As Good as It Gets

Andrew O'Hehir reviews "As Good as It Gets" directed by James Brooks and starring Jack Nicholson, Helen H

By Andrew O'Hehir

Published December 24, 1997 8:00PM (EST)

DON'T CONFUSE THE world depicted in James L. Brooks' new film, "As Good as It Gets," with the real world, although it's much closer to it than Hollywood usually comes. Instead, it's an almost-convincing imaginary universe, one where Brooks has worked for a long time, in which the virtuous are rewarded, the wicked are revealed to be the wounded and the wounded (which is to say everybody) are healed by love. Look to this comic romance for guidance on living in the real world and you'll come away spouting platitudes. Appreciate it instead as an exceedingly well-crafted fairy tale, alive with eccentric, overdrawn Dickensian characters and irresistibly wholehearted sentiment, and you'll enjoy perhaps the most accomplished and satisfying work of Brooks' career as a middlebrow entertainer.

I'm not being condescending; for a man who has directed only four movies (one of them the disastrous musical flop "I'll Do Anything"), Brooks is an extraordinarily important figure in the shaping of American popular culture. From "The Mary Tyler Moore Show" to "Taxi" to "The Simpsons" (all of which he helped create), he has worked on what you might call the edge of the middle, using the comic/sentimental mode to mass market ideas and themes that a few years earlier would have seemed alternative or experimental.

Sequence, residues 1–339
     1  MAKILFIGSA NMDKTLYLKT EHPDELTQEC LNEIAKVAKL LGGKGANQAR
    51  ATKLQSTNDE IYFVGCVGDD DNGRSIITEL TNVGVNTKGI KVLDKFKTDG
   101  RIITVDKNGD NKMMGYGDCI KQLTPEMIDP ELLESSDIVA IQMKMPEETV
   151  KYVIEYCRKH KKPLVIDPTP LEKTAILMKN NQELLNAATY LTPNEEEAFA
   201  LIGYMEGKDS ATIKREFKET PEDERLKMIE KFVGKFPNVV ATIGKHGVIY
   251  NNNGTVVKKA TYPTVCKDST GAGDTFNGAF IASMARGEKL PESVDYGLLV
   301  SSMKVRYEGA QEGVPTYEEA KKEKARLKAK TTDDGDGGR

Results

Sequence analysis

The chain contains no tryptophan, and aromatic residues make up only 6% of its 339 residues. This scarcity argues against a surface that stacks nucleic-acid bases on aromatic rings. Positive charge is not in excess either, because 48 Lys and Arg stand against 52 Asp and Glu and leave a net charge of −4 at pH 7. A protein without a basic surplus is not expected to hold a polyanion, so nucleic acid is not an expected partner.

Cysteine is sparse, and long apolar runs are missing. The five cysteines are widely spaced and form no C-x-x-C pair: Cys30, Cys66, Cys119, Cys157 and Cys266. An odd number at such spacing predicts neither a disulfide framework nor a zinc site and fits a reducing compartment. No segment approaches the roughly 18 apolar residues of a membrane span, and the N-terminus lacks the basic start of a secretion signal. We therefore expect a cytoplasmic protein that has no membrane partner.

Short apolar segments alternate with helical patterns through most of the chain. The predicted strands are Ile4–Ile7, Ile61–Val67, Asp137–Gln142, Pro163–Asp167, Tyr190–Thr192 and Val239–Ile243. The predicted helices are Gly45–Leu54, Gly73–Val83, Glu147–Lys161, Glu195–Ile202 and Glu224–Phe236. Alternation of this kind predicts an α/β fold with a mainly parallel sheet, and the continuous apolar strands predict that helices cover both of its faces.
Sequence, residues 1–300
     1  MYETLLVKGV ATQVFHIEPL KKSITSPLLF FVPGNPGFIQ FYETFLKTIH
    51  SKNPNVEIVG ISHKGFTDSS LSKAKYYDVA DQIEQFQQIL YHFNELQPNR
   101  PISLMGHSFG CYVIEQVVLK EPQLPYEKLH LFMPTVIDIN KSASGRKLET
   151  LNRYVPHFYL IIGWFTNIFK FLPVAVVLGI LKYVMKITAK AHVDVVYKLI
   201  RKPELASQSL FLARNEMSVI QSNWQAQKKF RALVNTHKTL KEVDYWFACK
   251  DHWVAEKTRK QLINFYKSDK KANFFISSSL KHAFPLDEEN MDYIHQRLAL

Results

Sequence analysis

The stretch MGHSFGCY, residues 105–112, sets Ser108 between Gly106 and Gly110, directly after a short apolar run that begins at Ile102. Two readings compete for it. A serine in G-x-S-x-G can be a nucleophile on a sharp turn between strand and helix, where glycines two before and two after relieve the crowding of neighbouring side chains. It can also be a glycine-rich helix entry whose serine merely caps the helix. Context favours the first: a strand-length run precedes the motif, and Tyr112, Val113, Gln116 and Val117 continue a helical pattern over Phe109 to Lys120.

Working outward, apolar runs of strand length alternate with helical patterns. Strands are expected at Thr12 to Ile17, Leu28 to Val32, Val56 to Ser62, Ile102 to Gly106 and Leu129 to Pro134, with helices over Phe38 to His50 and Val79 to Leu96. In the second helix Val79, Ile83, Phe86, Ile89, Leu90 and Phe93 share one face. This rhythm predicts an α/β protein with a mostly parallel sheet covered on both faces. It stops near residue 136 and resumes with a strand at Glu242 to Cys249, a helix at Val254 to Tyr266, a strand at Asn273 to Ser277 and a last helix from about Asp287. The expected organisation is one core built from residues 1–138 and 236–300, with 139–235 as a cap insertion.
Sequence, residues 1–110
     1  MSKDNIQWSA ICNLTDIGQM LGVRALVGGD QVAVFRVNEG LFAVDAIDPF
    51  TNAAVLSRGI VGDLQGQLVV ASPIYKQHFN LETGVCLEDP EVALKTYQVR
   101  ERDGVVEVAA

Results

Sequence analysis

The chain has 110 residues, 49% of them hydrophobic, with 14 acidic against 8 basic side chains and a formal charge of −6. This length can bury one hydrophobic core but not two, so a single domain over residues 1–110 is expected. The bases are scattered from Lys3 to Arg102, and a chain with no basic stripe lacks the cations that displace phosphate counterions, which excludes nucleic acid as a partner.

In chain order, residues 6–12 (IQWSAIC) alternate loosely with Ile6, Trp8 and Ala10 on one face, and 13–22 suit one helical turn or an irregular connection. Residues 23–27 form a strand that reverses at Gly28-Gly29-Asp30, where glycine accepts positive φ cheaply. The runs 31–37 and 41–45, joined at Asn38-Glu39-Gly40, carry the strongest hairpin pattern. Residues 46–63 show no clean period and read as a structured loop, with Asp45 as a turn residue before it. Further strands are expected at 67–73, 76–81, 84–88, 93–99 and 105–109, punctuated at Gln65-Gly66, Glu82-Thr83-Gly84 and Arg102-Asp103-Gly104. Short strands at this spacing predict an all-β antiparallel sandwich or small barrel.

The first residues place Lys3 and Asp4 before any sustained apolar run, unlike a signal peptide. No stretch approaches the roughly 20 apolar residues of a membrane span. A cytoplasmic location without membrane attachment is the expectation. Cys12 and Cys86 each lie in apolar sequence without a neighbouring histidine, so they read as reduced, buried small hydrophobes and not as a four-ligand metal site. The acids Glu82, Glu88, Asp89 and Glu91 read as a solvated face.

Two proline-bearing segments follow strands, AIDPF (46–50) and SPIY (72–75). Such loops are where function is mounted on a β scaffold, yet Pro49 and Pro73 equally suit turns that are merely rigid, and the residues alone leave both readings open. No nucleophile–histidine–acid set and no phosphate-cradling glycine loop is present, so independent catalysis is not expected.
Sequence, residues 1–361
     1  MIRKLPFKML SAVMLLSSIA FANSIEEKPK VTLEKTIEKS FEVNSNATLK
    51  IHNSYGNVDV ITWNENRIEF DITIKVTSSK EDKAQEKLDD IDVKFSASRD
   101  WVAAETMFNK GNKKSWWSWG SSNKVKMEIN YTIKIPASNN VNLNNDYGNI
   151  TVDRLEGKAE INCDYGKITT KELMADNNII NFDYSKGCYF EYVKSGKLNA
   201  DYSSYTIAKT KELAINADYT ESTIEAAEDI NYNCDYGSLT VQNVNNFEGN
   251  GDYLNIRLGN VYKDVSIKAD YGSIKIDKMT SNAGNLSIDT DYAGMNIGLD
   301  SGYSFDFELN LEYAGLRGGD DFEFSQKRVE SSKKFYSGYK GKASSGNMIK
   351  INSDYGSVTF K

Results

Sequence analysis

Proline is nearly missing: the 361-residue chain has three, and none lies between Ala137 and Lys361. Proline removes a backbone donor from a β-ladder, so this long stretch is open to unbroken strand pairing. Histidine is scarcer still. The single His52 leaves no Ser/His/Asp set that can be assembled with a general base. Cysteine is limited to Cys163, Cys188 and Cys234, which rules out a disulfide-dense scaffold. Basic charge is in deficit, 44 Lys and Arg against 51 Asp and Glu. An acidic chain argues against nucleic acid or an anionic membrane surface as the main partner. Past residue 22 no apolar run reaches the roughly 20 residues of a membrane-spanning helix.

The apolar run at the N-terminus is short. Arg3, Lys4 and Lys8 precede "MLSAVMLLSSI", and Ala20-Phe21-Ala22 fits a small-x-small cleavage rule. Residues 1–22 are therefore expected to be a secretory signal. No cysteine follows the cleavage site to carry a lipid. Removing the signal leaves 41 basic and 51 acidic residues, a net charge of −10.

"As Good as It Gets" is no exception to this pattern. Brooks and co-writer Mark Andrus have taken the radical queer demand for "representation," circa 1993, and delivered a nontraditional family-values film for the holiday-multiplex crowd. Their main characters are an obsessive-compulsive schizophrenic (Jack Nicholson), the gay artist next door (Greg Kinnear) and a working-class single mom (Helen Hunt); the winsome, improbable tale of how they find each other is about as subversive as a Christmas episode of "The Waltons." Like Brooks' 1983 smash weeper "Terms of Endearment," this is precisely the kind of movie where mainstream critics and mainstream audiences meet. If some or all of the principals here don't have statuettes on the mantelpiece in March, I'll be shocked.